Friday 28 July 2017

The future of work 2017: Management and accounting roles most at risk from new tech

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Click to view full size graphic

Ellie Donnelly

Traditional white collar jobs are now the most at risk of redundancy because their repetitive nature and predictability means they can be replaced by technology tools in the hands of non-administrators.

Many manufacturing and production roles have long been in decline as a result of automation.

That has now extended to middle management, finance and accounting roles, as well a support staff.

Administration, secretarial, and receptionist roles are most at risk in many organisations, according to research from people management firm Harmonics.

Human resource jobs completed the list of top five roles at risk or in decline.

The 'Future of Work' study, which was carried out by Harmonics in association with OI Global Partners, also set out to find the skills employees must have in order to compete today, and the most significant people challenges currently facing organisations.

Administration, secretarial, and receptionist roles are most at risk in many organisations, according to research from people management firm Harmonics. (Stock picture)
Administration, secretarial, and receptionist roles are most at risk in many organisations, according to research from people management firm Harmonics. (Stock picture)

The study found that strong communication skills is the most sought-after characteristic by employers, with more than one in two respondents putting communication followed by leadership agility as their most valued skills in 2017.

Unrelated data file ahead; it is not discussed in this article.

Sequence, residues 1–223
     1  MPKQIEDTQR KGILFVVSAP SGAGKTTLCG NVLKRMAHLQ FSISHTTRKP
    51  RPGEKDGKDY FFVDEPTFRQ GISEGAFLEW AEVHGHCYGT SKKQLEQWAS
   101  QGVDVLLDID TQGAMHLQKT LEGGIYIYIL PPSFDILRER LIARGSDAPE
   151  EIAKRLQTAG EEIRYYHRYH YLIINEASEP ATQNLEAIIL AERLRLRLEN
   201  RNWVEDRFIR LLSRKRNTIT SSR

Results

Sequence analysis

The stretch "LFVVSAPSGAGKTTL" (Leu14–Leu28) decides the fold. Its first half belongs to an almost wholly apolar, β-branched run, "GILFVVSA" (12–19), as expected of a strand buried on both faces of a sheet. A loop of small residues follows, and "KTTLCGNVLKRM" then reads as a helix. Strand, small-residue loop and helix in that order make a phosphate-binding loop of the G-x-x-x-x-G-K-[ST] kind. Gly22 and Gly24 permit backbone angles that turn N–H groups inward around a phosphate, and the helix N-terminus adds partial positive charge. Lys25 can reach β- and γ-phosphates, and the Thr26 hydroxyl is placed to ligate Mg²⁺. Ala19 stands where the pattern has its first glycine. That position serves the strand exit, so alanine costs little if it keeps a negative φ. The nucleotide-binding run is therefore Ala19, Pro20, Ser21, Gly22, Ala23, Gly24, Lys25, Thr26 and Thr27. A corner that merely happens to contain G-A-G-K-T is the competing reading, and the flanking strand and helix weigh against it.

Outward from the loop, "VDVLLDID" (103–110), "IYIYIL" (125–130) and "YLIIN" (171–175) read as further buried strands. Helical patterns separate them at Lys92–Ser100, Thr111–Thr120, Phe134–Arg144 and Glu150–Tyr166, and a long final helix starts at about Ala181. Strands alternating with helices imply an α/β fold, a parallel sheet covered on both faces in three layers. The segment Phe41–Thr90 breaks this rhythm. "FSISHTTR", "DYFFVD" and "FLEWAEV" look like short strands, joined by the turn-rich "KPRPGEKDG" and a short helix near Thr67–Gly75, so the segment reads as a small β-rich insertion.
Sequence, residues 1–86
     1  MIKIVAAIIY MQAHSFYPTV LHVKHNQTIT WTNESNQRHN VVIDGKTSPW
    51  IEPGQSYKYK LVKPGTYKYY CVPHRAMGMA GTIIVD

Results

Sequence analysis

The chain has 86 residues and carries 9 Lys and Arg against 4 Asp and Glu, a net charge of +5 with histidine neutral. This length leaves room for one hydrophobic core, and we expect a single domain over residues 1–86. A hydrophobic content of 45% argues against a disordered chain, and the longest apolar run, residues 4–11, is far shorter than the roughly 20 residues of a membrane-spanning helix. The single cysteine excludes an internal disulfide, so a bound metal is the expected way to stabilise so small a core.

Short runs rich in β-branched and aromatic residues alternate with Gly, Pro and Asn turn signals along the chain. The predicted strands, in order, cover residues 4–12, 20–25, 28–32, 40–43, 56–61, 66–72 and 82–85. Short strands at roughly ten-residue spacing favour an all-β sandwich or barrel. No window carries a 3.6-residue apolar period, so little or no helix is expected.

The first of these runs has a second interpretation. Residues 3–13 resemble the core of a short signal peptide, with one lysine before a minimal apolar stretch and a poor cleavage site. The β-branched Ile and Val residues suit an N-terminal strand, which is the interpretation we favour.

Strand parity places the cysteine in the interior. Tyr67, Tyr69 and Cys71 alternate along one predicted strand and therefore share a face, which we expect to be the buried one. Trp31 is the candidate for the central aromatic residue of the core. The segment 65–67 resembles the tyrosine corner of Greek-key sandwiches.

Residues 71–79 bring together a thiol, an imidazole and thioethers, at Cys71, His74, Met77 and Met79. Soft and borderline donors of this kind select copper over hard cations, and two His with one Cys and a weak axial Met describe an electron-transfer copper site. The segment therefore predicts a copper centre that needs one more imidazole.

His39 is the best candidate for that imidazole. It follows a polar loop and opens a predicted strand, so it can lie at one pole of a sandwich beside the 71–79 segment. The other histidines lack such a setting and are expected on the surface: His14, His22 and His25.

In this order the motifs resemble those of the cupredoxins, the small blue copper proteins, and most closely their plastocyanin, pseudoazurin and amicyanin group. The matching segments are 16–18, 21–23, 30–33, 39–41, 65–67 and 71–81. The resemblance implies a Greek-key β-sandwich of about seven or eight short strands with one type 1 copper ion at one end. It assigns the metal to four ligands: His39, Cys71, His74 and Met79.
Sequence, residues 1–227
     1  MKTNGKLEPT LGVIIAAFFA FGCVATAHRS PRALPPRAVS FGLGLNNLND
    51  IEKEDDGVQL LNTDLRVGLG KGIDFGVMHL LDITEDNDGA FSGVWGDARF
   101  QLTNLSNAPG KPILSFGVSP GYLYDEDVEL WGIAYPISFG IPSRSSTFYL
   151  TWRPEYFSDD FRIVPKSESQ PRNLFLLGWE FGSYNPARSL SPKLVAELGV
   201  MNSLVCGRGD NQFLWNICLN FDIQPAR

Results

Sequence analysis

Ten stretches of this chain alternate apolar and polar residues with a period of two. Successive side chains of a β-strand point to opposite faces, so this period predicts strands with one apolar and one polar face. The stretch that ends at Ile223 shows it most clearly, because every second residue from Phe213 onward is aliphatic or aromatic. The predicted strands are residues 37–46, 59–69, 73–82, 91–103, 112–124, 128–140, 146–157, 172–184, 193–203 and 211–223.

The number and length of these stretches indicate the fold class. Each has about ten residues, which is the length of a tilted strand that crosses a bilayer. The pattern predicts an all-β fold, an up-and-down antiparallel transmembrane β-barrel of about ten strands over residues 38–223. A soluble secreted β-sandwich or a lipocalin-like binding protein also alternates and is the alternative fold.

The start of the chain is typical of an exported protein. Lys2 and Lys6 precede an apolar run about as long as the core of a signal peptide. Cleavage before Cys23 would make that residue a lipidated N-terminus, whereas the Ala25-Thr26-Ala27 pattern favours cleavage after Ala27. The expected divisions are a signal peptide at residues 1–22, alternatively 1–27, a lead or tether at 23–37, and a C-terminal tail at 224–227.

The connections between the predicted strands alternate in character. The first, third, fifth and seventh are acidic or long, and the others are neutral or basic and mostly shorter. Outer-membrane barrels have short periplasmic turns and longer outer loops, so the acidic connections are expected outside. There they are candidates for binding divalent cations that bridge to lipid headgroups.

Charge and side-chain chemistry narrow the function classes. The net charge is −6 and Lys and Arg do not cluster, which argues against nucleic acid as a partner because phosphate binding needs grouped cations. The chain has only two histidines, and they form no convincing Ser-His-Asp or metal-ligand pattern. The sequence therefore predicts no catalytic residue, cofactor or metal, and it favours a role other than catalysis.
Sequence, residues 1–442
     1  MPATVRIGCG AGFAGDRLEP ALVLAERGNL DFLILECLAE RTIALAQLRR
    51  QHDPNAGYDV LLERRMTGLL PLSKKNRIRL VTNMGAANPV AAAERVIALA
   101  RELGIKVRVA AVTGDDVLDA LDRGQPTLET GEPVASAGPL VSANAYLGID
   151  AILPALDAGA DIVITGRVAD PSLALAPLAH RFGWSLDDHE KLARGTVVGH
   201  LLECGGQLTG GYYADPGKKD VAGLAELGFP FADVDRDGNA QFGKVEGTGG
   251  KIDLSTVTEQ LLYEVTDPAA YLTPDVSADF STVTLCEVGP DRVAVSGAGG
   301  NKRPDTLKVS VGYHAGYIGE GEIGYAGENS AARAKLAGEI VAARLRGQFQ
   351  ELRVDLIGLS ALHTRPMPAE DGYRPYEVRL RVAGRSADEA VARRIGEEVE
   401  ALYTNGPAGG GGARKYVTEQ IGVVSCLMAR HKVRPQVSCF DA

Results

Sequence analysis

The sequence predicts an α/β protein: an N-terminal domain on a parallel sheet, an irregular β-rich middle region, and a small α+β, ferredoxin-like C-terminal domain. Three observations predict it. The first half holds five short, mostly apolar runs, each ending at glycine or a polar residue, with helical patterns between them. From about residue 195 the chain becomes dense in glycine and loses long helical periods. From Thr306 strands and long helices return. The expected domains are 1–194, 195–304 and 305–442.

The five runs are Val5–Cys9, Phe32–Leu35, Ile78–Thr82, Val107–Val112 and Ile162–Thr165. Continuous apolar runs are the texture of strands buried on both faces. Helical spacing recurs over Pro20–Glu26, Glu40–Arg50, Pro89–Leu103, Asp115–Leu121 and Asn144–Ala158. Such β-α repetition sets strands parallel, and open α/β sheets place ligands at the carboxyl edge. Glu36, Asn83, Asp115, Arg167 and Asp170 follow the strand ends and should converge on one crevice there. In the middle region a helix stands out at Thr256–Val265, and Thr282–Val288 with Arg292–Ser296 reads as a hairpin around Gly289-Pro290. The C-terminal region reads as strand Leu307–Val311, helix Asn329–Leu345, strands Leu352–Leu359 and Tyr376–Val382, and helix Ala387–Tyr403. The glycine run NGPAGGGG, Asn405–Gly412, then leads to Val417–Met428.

Eagerness to learn ranked as the third-most desirable attribute. Emotional intelligence - an ability to recognise, understand, and manage your own and other's emotions also ranked highly in the research.

Understanding analytics, including an ability to read and understand data, projections, and demographics, rounded out the top five most-valued skills.

Meanwhile, the personnel people challenge reported by respondents this year is the ability to adapt to change.

This was followed by employee engagement, which has jumped from fifth position in 2016.

In 2016, the biggest challenge reported by respondents was attracting and hiring new talent, however this problem has fallen to third place this year.

Similarly, the issue around retaining key talent has also dropped in importance to fifth position in 2017 from third position in 2016.

When asked about effective talent development activities, the majority of those surveyed said that engaging in career conversations were the most effective of talent development activities.

Interestingly, assessments have gained in prominence as a tool for talent development, with one third of respondents indicating that they are the among the most effective development activities.

Internal leadership development programmes, mentoring programmes, and one-to-one coaching completed the top five effective talent development activities. Notably, self-directed career management resources, which typically take the form of e-learning offerings, are gaining in popularity.

The results of the research suggest that a key differentiator for companies in the future will be recruiting and retaining staff with good communication skills, and who are agile enough to work in diverse and changing global teams.

"Managers need to become human in their dealings with people, develop deeper levels of emotional intelligence, and become proactive in having career conversations that will attract, develop and retain the best talent," Harmonics said.

Talent managers in over 500 organisations across the globe answers the second annual survey on the Future of Work conducted in early 2017.

Of the respondents, 24pc were based in Ireland, working predominately in the financial, pharma/medical devices, food and drink and ICT industries.

One in two of the respondents to the survey works in HR.

Irish Independent

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